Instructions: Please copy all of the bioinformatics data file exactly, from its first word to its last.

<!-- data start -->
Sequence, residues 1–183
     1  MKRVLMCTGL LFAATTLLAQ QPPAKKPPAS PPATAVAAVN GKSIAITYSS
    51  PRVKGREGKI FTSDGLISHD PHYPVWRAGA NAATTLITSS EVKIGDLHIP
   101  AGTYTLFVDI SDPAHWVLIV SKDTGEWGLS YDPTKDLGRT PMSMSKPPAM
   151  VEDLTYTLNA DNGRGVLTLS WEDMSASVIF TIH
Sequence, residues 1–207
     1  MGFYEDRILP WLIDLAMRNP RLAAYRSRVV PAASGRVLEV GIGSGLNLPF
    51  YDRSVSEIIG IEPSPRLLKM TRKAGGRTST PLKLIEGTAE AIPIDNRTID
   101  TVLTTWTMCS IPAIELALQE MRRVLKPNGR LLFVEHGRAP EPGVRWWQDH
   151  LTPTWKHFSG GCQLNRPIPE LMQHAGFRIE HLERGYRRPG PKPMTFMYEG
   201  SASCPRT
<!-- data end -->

Sequence, residues 1–183
     1  MKRVLMCTGL LFAATTLLAQ QPPAKKPPAS PPATAVAAVN GKSIAITYSS
    51  PRVKGREGKI FTSDGLISHD PHYPVWRAGA NAATTLITSS EVKIGDLHIP
   101  AGTYTLFVDI SDPAHWVLIV SKDTGEWGLS YDPTKDLGRT PMSMSKPPAM
   151  VEDLTYTLNA DNGRGVLTLS WEDMSASVIF TIH
Sequence, residues 1–207
     1  MGFYEDRILP WLIDLAMRNP RLAAYRSRVV PAASGRVLEV GIGSGLNLPF
    51  YDRSVSEIIG IEPSPRLLKM TRKAGGRTST PLKLIEGTAE AIPIDNRTID
   101  TVLTTWTMCS IPAIELALQE MRRVLKPNGR LLFVEHGRAP EPGVRWWQDH
   151  LTPTWKHFSG GCQLNRPIPE LMQHAGFRIE HLERGYRRPG PKPMTFMYEG
   201  SASCPRT